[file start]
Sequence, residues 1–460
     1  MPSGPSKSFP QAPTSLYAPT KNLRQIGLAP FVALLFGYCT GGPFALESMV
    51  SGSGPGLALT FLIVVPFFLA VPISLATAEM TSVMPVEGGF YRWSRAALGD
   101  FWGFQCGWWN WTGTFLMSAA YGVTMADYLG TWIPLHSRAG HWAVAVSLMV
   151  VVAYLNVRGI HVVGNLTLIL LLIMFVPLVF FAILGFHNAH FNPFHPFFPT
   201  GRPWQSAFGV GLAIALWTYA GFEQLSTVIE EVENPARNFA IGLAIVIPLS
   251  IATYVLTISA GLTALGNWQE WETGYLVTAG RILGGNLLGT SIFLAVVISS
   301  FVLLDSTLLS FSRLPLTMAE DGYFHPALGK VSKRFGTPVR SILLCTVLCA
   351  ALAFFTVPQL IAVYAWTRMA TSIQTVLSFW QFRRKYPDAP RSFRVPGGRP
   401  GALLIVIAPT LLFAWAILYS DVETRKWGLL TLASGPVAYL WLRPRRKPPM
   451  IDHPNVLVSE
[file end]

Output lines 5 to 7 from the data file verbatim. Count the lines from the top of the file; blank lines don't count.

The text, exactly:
   151  VVAYLNVRGI HVVGNLTLIL LLIMFVPLVF FAILGFHNAH FNPFHPFFPT
   201  GRPWQSAFGV GLAIALWTYA GFEQLSTVIE EVENPARNFA IGLAIVIPLS
   251  IATYVLTISA GLTALGNWQE WETGYLVTAG RILGGNLLGT SIFLAVVISS